Economic Complexity (EC) is a new field of research that consists in a radically new methodology. It describes economics as evolutionary process of ecosystems made of industrial and financial technologies that are all globally interconnected. The approach is multidisciplinary addressing emerging phenomena in economics from different points of view: analysis of complex systems, scientific methods for systems and the recent developments in Big Data. This approach offers new opportunities to constructively describe technological ecosystems, analyse their structures, understand their internal dynamics, as well as to introduce new metrics. This approach provides a new paradigm for a fundamental economic science based on data and not on ideologies or interpretations, which is becoming a necessary choice in a highly interconnected and globalized world, especially after the great financial and economic crisis of recent years.

Economic Complexity, in addition to a new vision for a data-based scientific approach for fundamental economics, offers a new set of metrics able to quantify the competitiveness of countries, of technological sectors, measuring future development prospects for nations as well as for large companies. Those metrics have already shown to have a major impact for policy makers and for industry applications economics and finance. Over the last year, the World Bank (WB) has extensively tested and adopted this new methodology for its strategic analysis.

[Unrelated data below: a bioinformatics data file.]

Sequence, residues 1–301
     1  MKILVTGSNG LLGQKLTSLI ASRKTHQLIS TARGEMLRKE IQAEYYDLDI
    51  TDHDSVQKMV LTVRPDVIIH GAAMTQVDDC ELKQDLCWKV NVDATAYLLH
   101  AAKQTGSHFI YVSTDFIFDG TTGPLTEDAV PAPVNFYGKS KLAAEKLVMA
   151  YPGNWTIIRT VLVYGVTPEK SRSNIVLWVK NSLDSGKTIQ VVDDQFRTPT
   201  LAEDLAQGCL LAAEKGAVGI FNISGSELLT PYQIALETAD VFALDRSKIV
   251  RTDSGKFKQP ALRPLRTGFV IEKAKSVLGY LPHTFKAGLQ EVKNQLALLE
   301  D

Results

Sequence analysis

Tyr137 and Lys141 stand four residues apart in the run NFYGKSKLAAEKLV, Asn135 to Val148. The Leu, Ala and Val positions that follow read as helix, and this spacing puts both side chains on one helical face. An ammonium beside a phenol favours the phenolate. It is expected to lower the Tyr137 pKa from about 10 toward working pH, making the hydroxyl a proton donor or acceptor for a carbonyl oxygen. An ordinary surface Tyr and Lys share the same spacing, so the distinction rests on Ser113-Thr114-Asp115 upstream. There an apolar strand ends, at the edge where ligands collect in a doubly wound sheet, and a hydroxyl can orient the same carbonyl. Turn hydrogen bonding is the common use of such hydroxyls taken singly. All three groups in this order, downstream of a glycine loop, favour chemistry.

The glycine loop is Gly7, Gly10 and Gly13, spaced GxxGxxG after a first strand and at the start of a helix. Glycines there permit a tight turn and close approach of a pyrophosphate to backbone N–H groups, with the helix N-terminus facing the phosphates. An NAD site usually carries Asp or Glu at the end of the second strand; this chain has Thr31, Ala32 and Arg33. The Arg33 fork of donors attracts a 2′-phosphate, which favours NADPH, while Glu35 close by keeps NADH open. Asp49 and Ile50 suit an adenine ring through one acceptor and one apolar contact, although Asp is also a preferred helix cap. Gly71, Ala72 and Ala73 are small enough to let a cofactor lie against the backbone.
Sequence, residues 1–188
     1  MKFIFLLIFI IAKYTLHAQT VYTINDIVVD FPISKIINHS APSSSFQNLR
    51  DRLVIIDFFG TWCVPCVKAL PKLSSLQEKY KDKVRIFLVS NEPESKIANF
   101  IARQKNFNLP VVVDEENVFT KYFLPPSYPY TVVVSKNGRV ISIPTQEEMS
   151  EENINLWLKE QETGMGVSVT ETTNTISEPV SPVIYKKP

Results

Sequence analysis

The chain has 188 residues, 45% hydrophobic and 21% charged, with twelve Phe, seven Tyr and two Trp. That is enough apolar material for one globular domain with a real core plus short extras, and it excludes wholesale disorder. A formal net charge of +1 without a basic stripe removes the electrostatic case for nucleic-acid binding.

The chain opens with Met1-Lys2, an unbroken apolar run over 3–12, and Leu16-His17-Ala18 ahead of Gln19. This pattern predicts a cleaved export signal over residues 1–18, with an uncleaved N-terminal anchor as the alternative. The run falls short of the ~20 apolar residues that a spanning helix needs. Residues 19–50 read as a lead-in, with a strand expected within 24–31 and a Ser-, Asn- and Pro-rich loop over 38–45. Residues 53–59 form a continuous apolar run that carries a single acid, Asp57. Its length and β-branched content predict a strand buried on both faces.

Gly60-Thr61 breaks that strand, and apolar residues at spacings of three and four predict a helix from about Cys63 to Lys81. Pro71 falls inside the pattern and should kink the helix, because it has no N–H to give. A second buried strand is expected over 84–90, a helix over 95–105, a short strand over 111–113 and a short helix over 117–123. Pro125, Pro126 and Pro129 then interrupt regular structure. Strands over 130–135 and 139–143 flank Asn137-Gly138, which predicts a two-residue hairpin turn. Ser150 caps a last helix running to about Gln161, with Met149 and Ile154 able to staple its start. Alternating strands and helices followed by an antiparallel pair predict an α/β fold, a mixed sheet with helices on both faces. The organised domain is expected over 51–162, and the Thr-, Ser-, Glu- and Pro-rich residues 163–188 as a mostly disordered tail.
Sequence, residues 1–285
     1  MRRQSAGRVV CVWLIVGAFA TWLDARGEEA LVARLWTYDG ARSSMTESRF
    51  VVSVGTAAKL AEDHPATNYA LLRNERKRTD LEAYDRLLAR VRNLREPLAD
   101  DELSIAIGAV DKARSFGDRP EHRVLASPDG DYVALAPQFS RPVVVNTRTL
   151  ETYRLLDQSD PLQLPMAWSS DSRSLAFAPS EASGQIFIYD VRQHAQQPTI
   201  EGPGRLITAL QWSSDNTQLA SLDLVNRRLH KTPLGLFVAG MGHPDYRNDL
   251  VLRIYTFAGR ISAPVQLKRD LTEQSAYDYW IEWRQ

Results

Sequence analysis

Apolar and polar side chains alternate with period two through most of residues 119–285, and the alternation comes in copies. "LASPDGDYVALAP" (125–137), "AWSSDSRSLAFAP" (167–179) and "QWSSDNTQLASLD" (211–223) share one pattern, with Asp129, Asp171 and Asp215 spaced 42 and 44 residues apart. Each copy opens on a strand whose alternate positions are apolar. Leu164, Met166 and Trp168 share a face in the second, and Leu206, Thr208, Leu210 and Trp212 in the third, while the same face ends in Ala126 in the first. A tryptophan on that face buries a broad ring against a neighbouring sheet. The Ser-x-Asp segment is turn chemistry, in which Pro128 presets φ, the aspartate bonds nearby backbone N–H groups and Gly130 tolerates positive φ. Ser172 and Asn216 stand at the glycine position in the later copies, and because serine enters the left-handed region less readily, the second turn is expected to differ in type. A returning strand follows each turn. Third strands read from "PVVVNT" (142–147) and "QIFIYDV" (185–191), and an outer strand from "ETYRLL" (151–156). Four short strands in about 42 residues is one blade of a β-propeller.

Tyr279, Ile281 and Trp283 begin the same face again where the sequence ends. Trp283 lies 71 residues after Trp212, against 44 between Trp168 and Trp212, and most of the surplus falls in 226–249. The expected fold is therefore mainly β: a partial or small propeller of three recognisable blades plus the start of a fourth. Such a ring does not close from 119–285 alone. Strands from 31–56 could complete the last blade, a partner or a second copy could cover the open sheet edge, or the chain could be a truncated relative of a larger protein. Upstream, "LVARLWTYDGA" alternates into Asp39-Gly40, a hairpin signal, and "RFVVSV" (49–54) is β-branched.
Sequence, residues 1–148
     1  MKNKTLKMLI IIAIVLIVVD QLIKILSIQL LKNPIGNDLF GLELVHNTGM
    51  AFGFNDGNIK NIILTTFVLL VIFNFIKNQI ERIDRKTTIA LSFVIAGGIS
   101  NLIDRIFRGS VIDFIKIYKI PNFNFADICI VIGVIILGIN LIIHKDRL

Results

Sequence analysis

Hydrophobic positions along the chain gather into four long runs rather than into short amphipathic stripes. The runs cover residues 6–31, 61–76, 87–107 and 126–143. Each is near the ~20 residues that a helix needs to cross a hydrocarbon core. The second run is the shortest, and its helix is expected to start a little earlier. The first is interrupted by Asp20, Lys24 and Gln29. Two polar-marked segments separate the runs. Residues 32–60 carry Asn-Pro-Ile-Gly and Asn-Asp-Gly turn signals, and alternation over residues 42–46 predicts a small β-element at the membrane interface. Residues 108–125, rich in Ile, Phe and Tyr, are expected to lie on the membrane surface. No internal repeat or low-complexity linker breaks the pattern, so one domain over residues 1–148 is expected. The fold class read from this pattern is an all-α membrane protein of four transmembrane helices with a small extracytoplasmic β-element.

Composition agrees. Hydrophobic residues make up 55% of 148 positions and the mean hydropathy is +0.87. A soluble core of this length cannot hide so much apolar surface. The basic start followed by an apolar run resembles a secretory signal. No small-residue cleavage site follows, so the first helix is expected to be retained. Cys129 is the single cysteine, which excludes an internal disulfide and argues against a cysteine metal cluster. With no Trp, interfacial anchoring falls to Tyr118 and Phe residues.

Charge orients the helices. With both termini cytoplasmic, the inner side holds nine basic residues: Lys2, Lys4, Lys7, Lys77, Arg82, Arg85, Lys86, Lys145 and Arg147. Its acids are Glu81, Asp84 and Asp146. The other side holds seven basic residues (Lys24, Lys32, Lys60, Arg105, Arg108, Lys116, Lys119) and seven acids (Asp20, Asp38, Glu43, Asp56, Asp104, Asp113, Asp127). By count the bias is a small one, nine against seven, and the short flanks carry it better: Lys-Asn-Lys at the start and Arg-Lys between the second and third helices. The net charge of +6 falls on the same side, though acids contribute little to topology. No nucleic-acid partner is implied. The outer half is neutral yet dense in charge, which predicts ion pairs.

A crucial element of our methodology is a radically new approach to the problem of Big Data. Big Data is often associated with "big noise" as well as a subjective ambiguity related to how to structure the data and how to assign them a value that should reflect many arbitrary parameters. In the case of the evaluation of the industrial competitiveness of a country, the required parameters for such an analysis could more than one hundred. A key point approach EC is to go from 100 parameters to zero parameters and obtain results which can be tested in a scientific perspective. This is done by focusing on the data in which the signal to noise ratio is optimal and developing iterative algorithms in the spirit, but other than Google, and optimized to the economic problem in question. In particular the study of a country or a company is not done at the individual level but through the global network in which it is inserted. In this way you get the Fitness of the countries and the Complexity of the products.